You have just met, around a street corner, a musician who played a magical instrument. It was as if his hands were dancing on the instrument! It’s a handpan! You are won over, captivated, and now you’ve decided that you must buy one!
New to handpans? Start here.
What is a handpan? A handpan is a handcrafted musical instrument invented in the 21st century. It looks like an inside-out steel drum, a turtle shell, a wok or a UFO. Part art and part instrument, the handpan is often referred to as a "sound sculpture". Each handpan is completely unique, bearing the hammer marks of its artisanal making process. Peaceful and relaxing, the handpan is particularly well-suited for music therapy and meditation
How does a handpan work? A handpan consists of two bowls of steel glued together and tuned into a diatonic musical scale. The top shell of the handpan has a center note (referred to as "ding" by the inventors) which can be either dented outward (it would be called "apex") or inward ("inpex"). The "tone fields" are the notes of the scale (we also call them "dimples"). They are located all around the center note and played up and down in a zig-zag pattern. The bottom shell of the handpan has a hole (called "Gu"). This opening activates a deep bass note.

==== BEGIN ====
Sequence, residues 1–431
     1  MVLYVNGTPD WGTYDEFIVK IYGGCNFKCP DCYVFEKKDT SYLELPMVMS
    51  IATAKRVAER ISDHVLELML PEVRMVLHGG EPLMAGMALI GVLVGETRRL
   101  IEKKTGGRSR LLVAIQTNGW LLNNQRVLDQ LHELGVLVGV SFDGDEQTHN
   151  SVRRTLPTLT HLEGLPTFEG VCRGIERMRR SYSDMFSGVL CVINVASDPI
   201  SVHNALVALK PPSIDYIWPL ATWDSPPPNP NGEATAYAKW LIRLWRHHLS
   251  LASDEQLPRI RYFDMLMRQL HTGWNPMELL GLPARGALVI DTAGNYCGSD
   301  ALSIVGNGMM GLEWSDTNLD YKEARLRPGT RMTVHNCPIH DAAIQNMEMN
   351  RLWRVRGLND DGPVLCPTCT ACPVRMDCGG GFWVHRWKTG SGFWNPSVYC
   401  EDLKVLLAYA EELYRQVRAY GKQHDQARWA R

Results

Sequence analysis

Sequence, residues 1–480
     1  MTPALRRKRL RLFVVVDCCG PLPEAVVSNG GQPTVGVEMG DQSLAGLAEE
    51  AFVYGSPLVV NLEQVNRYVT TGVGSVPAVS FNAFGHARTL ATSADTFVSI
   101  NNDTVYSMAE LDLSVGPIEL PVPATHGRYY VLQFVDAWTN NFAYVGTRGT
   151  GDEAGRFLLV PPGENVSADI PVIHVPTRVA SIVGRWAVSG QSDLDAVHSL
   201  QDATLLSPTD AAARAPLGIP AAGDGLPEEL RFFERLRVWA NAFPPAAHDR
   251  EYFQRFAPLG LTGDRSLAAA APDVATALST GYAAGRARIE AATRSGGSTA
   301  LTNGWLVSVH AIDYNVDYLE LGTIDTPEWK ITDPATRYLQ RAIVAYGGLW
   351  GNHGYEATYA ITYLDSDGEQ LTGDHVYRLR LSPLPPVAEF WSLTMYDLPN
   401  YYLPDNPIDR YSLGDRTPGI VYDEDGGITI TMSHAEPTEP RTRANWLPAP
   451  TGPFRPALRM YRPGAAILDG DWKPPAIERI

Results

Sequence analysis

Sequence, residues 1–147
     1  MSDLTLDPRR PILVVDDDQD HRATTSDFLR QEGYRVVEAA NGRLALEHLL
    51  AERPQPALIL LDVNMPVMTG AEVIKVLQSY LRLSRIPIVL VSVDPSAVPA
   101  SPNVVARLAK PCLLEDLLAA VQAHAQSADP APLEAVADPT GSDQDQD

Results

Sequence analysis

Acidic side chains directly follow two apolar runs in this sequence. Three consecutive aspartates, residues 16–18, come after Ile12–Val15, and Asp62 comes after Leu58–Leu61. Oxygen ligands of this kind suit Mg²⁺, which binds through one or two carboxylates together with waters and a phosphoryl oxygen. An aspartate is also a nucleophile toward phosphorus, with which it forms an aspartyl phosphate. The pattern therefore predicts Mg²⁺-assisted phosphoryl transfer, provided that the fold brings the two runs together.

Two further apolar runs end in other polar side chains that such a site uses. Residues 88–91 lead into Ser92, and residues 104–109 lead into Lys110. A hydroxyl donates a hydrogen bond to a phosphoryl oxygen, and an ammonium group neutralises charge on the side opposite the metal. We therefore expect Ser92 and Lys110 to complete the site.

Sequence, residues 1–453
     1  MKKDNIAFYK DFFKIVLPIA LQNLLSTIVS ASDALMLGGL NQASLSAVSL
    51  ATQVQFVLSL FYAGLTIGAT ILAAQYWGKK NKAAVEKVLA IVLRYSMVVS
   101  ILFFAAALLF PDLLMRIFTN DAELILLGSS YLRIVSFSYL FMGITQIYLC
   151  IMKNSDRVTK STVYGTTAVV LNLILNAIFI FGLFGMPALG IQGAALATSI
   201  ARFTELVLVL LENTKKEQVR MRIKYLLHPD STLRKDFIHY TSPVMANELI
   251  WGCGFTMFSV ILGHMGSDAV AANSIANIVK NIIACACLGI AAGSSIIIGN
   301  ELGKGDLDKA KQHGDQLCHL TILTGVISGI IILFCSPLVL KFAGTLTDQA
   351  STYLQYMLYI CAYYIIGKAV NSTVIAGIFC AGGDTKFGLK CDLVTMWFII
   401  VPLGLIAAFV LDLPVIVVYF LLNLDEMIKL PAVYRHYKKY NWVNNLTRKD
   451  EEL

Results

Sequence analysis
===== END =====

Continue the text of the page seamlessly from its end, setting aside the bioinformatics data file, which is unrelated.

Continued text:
What does a handpan sound like? Unlike the steel-drum which is played with mallets (often as part of a loud orchestra) the handpan is played by hand. As a result, it produces soft buttery sounds, almost like raindrops... The handpan is a powerful therapeutic tool to help reduce stress and improve overall mood. Playing a single note activates several overtones (typically, the octave and the fifth of the note). These overtones give handpans a magical and rich layered sound.
Who can play the handpan? Anyone! You don't need to be classically trained or to know music theory to play the handpan. Musicians and non-musicians alike can start creating their own music within minutes. The simplicity of handpans is remarkable. The handpan transcends genders, ages, cultures and languages. It is used by hobbyists, performers, music therapists, cancer patients, educators and students. You can play too!